(Drexel University) Electromagnetic radiation is everywhere -- that's been the case since the beginning of the universe. But the proliferation of electronics in recent decades has contributed both to the volume of radiation generated on our planet and its noticeability. A group of researchers at Drexel University and the Korea Institute of Science & Technology is working on cleaning up this electromagnetic pollution by containing the emissions with a thin coating of a nanomaterial called MXene.

New 'Trojan horse' antibody strategy shows promise against all Ebola viruses

Thu, 08 Sep 2016 00:00:00 EDT

(Albert Einstein College of Medicine) In research published in Science, a team of scientists describe a new therapeutic strategy to target a hidden Achilles' heel shared by all known types of Ebola virus. Two antibodies developed with this strategy blocked the invasion of human cells by all five ebolaviruses. The team included scientists from Albert Einstein College of Medicine, US Army Medical Research Institute of Infectious Diseases, Integrated Biotherapeutics, Vanderbilt University Medical Center, and The Scripps Research Institute.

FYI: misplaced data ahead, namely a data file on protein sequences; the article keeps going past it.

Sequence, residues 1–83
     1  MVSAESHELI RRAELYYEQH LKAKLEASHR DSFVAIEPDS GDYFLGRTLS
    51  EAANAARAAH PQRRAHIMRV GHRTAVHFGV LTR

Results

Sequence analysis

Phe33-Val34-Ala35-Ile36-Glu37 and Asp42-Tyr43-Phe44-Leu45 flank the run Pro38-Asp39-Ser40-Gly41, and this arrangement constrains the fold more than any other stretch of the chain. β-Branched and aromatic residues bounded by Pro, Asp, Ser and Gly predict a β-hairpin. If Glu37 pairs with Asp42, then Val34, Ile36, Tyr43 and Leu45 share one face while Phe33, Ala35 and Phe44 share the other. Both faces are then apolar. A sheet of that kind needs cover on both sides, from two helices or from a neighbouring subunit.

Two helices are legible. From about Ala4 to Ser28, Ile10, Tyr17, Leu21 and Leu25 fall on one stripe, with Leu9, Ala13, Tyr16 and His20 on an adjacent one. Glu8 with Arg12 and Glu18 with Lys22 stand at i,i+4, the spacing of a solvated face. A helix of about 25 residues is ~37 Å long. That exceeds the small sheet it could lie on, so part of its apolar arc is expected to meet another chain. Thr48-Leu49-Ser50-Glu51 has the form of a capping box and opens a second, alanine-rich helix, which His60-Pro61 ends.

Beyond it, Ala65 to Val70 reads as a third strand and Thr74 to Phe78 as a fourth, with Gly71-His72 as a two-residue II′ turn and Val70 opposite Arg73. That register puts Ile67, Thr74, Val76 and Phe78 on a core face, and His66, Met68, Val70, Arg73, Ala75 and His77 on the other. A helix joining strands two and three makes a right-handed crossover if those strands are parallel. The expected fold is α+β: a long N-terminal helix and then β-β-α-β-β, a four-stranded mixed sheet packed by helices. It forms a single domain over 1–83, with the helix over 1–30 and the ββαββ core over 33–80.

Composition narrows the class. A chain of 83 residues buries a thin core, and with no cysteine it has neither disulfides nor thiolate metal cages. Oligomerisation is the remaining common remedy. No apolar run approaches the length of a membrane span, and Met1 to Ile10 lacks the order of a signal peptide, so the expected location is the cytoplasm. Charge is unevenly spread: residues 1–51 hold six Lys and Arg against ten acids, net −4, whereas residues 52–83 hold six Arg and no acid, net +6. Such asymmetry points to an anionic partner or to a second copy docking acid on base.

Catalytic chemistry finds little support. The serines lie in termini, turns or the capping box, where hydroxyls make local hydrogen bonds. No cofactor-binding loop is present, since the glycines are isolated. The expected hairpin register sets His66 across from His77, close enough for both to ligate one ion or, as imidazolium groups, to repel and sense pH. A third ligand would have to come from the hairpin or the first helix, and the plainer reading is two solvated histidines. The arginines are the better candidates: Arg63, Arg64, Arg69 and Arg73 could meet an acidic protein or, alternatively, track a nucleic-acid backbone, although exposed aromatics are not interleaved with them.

Beer yeasts are dogs, wine yeasts are cats

Thu, 08 Sep 2016 00:00:00 EDT

(VIB (the Flanders Institute for Biotechnology)) People have been enjoying the ability of yeasts to produce beer and wine since the dawn of civilization. Researchers from VIB, KU Leuven, Ghent University found that yeasts used for beer and winemaking have been domesticated in the 16th century, around 100 years before the discovery of microbes. With a US research team, the Belgian teams analyzed genomes and fermentation characteristics of more than 150 industrial yeasts used to produce different beers, wines and bread.